Director, Lahey Health Cancer Institute
Director, Sophia Gordon Cancer Center & Thoracic Oncology
Paul J Hesketh, MD, FASCO, wears many hats – among them Director of the Lahey Health Cancer Institute, Director of the Sophia Gordon Cancer Center, Director of Thoracic Oncology at Lahey Hospital & Medical Center, and Professor of Medicine at Tufts University School of Medicine. But as an oncologist, his role as a provider is a special one.
“Cancer care is an area of extraordinary advances,” he says. “It’s gratifying to develop patient relationships and to be able to offer hope and opportunities. Cancer is not always curable, but we are increasingly making cancer a chronic disease that people are living with, and with a good quality of life.”
Dr. Hesketh has a broad interest in research, with a particular focus on new treatment approaches for lung cancer and support for patients who are living with cancer. Even for people with stage 4 cancer, who in the past may have had just months to live, exciting new treatment options are extending their lives by years.
“Cancer is not a single disease, but rather hundreds of diseases that are genetically different,” he explains. “We now have specific therapies to put many of these diseases into remission and keep them there for a number of years.”
Dr. Hesketh holds leadership roles on various national committees dedicated to improving cancer survival and establishing treatment guidelines for cancer specialists. He, has lectured nationally and internationally, and has authored more than 225 scientific manuscripts, abstracts, and book chapters. He also serves as a member of the leadership team of the Lung Committee of SWOG, a nationwide clinical trials group sponsored by the National Cancer Institute, and is the Principal Investigator for SWOG at Lahey Hospital & Medical Center.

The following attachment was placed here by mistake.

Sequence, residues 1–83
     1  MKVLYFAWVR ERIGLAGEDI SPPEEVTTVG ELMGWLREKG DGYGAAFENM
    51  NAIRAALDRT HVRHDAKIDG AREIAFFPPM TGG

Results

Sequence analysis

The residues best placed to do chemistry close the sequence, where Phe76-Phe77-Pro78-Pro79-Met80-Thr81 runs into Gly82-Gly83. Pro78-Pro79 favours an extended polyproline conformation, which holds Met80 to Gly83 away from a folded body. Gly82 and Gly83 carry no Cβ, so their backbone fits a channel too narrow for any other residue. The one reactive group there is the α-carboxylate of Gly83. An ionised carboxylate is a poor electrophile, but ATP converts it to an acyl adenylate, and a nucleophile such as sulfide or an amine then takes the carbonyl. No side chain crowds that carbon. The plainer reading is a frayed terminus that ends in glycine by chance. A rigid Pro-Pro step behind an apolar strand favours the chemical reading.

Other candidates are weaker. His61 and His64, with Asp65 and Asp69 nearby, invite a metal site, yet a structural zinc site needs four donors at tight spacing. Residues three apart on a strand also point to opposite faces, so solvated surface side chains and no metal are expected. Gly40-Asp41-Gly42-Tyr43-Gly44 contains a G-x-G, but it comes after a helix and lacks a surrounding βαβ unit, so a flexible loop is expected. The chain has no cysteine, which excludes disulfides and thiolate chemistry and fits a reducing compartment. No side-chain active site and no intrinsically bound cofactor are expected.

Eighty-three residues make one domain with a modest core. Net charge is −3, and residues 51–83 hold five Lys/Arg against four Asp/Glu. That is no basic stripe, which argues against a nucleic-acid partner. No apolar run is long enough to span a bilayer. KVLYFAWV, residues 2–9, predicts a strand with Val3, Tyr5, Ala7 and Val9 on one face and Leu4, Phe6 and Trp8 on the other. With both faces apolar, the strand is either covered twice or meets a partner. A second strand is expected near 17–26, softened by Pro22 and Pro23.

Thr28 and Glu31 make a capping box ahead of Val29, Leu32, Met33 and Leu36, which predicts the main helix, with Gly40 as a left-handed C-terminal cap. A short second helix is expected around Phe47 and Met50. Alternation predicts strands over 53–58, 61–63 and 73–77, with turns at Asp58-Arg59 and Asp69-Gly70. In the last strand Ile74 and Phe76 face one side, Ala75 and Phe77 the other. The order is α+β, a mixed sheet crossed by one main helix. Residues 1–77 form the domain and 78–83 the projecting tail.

What he especially enjoys about his work at Lahey, he says, is the ability to offer patients the best of both worlds – personal attention from experienced community-based providers, along with access to national and worldwide clinical trials and connections to some of the top minds in the field of oncology.
“At Lahey our patients benefit from our clinical model, where they are cared for by experienced physicians who are employed by the same health system and are connected to each other,” he points out. “So our patients have access to any area of medicine they may need in a timely fashion and to physicians who work collegially toward a common goal.”
Dr. Hesketh’s interest in oncology was sparked in his fourth year of medical school, when he recognized the impact he could have on the lives of others while using a broad range of skills as a physician. He is sometimes asked why he focused on an area of medicine where lives are threatened or lost.
“Obviously it’s very sad at times, and you need to be appropriately honest with people,” he says. “But it also can be extraordinarily gratifying, such as when you do an analysis of someone’s type of cancer and find a specific mutation that we can target.”
Recent insight into the role of the body’s immune system has led to new biologic therapies which, instead of targeting the cancer cells, target the immune system to attack cancer directly. These types of therapies tend to have fewer side effects and are less likely to impact a person’s quality of life as they go through treatment.
In fact, there has been so much success in retraining and recalibrating patients’ immune system, he says, that with many people with previously incurable cancer surviving for so much longer, “we’re wondering whether some of them could be considered cured.”